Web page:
The Bfg by Roald Dahl (illustrated by Quentin Blake)
Captured by a giant!
The BFG is no ordinary bone-crunching giant. He is far too nice and jumbly. It’s lucky for Sophie that he is. Had she been carried off in the middle of the night by the Bloodbottler, or any of the other giants—rather than the BFG—she would have soon become breakfast. When Sophie hears that the giants are flush-bunking off to England to swollomp a few nice little chiddlers, she decides she must stop them once and for all. And the BFG is going to help her!
Roald Dahl (1916-1990) was born in Wales of Norwegian parents. He spent his childhood in England and, at age eighteen, went to work for the Shell Oil Company in Africa. When World War II broke out, he joined the Royal Air Force and became a fighter pilot. At the age of twenty-six he moved to Washington, D.C., and it was there he began to write. His first short story, which recounted his adventures in the war, was bought by The Saturday Evening Post, and so began a long and illustrious career.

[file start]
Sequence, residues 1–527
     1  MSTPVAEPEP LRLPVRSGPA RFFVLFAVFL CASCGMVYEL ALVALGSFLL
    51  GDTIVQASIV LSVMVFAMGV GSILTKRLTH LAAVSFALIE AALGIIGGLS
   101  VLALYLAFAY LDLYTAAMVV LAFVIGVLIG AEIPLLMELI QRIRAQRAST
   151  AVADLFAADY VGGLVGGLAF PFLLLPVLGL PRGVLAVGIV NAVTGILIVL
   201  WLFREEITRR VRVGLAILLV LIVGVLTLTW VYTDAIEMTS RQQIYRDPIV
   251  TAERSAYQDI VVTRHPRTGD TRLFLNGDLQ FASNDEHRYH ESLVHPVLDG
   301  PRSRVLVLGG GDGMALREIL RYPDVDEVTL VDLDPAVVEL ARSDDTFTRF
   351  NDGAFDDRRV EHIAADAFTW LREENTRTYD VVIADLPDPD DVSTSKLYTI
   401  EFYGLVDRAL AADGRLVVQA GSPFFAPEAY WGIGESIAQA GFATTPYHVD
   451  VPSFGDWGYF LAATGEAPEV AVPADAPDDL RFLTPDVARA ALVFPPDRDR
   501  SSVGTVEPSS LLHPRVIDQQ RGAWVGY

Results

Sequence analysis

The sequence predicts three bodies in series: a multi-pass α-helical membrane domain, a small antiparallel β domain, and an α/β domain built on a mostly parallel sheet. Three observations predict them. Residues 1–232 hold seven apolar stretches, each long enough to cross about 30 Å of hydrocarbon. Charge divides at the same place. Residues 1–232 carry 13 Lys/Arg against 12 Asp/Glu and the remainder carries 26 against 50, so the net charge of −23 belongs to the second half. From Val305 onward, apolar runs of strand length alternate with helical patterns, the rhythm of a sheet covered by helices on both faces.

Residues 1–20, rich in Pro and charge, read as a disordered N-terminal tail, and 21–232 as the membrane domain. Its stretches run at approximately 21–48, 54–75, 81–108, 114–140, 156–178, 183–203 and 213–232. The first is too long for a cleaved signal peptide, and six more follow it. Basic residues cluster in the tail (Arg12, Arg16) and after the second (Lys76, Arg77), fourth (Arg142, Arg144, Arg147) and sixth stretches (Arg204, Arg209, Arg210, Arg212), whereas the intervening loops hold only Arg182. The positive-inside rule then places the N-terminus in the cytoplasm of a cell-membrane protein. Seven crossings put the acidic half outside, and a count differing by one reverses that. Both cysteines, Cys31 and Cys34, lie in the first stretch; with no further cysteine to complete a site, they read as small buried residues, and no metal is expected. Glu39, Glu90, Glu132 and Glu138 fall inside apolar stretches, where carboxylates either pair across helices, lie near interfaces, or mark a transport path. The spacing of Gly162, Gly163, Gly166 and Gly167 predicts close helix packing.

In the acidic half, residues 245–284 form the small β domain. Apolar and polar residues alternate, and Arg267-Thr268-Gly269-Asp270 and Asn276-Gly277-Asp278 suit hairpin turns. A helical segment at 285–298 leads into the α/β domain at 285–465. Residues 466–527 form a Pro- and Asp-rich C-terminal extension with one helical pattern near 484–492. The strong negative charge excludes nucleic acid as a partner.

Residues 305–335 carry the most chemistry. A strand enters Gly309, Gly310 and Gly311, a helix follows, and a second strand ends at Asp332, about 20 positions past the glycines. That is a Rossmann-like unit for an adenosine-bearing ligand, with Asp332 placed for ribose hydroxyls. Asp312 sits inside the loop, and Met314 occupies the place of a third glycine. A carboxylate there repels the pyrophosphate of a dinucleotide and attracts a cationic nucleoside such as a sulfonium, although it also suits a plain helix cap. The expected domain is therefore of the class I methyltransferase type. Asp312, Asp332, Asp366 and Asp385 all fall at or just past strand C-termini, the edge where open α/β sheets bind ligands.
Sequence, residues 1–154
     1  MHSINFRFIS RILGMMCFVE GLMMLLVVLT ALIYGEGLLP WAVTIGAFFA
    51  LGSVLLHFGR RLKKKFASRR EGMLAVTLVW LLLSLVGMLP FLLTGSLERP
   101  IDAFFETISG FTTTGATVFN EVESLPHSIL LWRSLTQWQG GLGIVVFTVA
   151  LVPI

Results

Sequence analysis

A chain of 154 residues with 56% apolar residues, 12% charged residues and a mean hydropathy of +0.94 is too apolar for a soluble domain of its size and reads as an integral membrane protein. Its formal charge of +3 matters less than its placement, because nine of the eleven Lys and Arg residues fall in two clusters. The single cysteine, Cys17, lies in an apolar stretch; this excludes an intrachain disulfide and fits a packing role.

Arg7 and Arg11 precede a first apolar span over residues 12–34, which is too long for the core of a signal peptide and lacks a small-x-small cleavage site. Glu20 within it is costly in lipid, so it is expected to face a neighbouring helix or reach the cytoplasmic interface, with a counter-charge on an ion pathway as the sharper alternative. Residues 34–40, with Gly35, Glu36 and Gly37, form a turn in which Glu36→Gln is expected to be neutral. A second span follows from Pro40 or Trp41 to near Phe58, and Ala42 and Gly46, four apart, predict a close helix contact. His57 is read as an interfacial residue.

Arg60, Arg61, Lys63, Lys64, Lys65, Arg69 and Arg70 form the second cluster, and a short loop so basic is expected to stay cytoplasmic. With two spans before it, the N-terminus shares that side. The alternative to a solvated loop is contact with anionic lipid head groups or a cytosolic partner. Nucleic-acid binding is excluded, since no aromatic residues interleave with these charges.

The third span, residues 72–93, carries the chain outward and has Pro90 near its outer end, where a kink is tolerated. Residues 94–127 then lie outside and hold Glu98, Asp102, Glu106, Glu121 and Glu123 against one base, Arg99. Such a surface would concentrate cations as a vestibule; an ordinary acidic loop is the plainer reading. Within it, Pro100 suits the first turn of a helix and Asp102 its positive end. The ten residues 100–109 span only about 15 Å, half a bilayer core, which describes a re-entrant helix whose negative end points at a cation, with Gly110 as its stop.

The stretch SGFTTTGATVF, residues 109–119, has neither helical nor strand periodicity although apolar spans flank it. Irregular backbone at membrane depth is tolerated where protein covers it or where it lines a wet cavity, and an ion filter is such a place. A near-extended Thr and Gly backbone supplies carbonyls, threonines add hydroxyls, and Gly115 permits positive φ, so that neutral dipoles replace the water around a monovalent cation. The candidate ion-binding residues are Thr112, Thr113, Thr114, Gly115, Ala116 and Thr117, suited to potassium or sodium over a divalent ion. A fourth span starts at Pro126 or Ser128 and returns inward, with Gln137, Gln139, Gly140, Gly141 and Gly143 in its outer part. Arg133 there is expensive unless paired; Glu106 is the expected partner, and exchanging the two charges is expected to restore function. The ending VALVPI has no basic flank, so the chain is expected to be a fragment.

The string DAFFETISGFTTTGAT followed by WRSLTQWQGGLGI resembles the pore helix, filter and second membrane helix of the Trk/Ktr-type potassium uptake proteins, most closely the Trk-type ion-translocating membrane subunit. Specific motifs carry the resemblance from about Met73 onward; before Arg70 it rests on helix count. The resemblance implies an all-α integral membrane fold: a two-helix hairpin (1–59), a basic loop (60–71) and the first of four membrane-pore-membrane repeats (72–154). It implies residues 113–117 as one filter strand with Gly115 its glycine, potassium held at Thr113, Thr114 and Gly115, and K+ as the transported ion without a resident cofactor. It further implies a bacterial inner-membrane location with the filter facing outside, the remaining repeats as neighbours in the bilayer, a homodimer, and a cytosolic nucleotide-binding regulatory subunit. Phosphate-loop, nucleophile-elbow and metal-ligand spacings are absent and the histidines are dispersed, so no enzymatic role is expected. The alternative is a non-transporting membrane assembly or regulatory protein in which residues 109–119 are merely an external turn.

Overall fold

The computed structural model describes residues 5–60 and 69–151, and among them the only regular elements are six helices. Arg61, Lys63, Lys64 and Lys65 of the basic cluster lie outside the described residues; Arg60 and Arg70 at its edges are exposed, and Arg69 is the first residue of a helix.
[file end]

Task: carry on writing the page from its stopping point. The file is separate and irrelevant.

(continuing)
After establishing himself as a writer for adults, Roald Dahl began writing children’s stories in 1960 while living in England with his family. His first stories were written as entertainment for his own children, to whom many of his books are dedicated.
Roald Dahl is now considered one of the most beloved storytellers of our time. Although he passed away in 1990, his popularity continues to increase as his fantastic novels, including James and the Giant Peach, Matilda, The BFG, and Charlie and the Chocolate Factory, delight an ever-growing legion of fans.
Learn more about Roald Dahl on the official Roald Dahl Web site: www.roalddahl.com